There’s something very special about being out in the mountains, the freedom and natural beauty of these remote corners of the UK is something I’ll never tire of. Scotland in particular is a special place for me and the car can nearly drive itself to the Cairngorms, Skye and the Torridon mountains. I just love the West Coast of Scotland.
The Lake District however is a close second to the Highlands and is only a couple of hours drive away. Easy to get to for walking, scrambling and climbing trips at the weekend. Below is a shot of Rebecca climbing Cam Crag Ridge below Glaramara in the Lake District.
The shots below were taken last weekend in the Lake District. The route was the ridge, Hartsop Above How that leads to Hart Crag & Fairfield. It was a great day for Mountain Photography but unfortunately it had to be cut short. Barney with his short legs kept falling through the snow that hadn’t been consolidated at all. Being 15 inches tall is a distinct disadvantage when there are drifts of 2-3 foot of powder snow in places. He had snow balls where no dog should have them, poor fella! So, a couple of hundred metres from the top we had to turn around, but that didn’t stop us from from having a great day out. Of course, I managed to pick up a few images along the way as well.
Photographing some of Scotland’s finest single malt whisky sounds like it should be a fun day out in the studio and it was, creatively that is. As with most food and drink photography though, the produce is not necessarily at it’s best by the time we have fiddled around with it in order to make it look at it’s best for the client.
To photograph Scotland’s finest spirit, I was using the Sony A7rii along with the Sony FE 90mm Macro lens with various Strobes, Yongnuo flashes and remote triggers. The Sony FE90mm macro lens is incredibly sharp and is superb at picking out the detail in the ice.
Lighting was handled by a strobe that was positioned to shoot through a 2 1/2 inch hole cut into the table top. This results in the single malt drink becoming the light source with minimal light spill to the surroundings. Some shots required some additional feathering of light which came from another strobe on a very low setting with a snoot attached pointing directly at the single malt whisky.
The Sony A7rii was attached to a Manfrotto Magic arm that was itself mounted to a rig that comes down from the ceiling. This helps keep floor space clear and allow quick and easy repositioning of the camera. If you’re looking to buy one yourself, go for the friction version, Manfrotto 244N, rather than the lever 143A version. It’s more reliable and easier to maintain.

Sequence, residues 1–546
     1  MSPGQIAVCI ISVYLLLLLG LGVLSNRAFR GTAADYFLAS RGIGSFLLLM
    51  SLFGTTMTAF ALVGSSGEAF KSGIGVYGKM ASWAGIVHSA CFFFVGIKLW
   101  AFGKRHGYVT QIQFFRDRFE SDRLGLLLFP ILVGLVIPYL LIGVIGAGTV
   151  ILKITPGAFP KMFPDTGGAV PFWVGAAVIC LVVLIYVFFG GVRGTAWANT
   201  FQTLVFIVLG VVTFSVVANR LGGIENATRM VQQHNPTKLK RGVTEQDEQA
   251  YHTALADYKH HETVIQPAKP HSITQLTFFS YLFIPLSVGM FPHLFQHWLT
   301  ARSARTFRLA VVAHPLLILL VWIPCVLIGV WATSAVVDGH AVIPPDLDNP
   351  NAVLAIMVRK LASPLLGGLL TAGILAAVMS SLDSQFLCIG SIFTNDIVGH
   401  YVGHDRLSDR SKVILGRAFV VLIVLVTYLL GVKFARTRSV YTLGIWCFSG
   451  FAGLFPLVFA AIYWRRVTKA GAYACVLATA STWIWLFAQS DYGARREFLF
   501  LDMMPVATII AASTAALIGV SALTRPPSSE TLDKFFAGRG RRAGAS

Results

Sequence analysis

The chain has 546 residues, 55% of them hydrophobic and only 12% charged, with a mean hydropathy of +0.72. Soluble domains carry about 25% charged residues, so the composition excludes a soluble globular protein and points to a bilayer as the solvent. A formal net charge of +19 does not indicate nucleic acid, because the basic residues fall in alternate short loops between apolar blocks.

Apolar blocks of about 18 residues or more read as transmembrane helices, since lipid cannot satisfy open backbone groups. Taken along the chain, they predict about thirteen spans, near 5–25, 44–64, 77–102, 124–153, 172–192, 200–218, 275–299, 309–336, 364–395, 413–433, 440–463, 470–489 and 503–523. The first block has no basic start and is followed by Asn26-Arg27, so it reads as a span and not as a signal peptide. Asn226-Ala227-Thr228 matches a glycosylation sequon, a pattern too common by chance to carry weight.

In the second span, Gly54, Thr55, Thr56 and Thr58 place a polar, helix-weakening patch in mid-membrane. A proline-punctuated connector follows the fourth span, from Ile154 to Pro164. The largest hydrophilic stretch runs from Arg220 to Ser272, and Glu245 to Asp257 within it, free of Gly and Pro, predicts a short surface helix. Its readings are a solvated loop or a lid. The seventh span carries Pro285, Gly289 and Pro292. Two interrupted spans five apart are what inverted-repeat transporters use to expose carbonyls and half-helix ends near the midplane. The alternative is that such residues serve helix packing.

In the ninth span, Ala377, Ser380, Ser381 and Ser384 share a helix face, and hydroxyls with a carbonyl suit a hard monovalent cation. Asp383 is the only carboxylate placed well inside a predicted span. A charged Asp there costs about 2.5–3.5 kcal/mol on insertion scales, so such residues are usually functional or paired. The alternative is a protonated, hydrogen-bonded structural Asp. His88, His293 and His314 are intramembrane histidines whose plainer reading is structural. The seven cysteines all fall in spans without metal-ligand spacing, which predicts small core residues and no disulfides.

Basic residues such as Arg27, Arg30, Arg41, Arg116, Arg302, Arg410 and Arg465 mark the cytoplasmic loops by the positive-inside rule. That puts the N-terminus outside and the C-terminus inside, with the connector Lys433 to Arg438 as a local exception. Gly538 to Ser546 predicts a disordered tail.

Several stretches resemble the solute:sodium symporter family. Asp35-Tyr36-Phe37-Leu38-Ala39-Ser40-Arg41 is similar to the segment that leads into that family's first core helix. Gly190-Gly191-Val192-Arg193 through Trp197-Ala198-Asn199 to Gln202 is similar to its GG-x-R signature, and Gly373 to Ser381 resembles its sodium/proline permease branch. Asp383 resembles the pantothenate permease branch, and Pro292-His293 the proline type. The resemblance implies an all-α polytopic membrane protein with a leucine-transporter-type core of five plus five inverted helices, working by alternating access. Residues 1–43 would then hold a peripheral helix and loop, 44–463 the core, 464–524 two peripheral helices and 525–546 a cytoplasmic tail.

Using the right equipment is essential to getting the right shot. I find being able to get around the subject quickly and freely is just as important as the camera and lens you use. It not only makes our job easier, it also saves time and that saves our clients money. Always a good thing I believe!
A series of photographs taken in the Lake District while on a circuit of Hayeswater, The Knott, High Street, Thornthwaite and back down Pasture Beck. It was a nice bright day for landscape and outdoor photography, as well as hiking of course! This view is of Rebecca and Barney as they drop down from the summit of Thornthwaite towards Threshwaite before dropping down into the valley to Pasture Beck. I was carrying two cameras that day, as is often the case. The Sony A7rii with the Sony FE 16-35 f/4 & a Fuji X-T1 with the 50-140 f/2.8. All the shots attached here were taken with the Sony. It was a wide angle lens day!
Looking down the track that leads up Hayeswater Gill from the carpark at Hartsop. You have to get there early for a space, but I guess that applies to most places in the Lake District.
A fell runner descending The Knott and heading towards High Street. Thankfully Barney resisted the urge to chase him! The amount of detail the Sony A7rii is picking up on that stone track with the 16-35 lens is incredible. I just wish it was as weatherproof as the Fuji X-T1 I also carry. If it was, it would nearly be the perfect camera. Hopefully the A7riii will be!
A hiker, Rebecca, making their way to towards High Street & Mardale Ill Bell. For some reason, we took the trail to the right instead of the left. If we’d taken the left one there’d have been some lovely views of Haweswater & Blea Water. Like this shot of Rebecca descending towards Blea Water.
Here we are hiking through the boulder field that’s halfway along Pasture Beck and not long before we’re back at the car and the 1.5 hour drive home again! Worth every minute of it!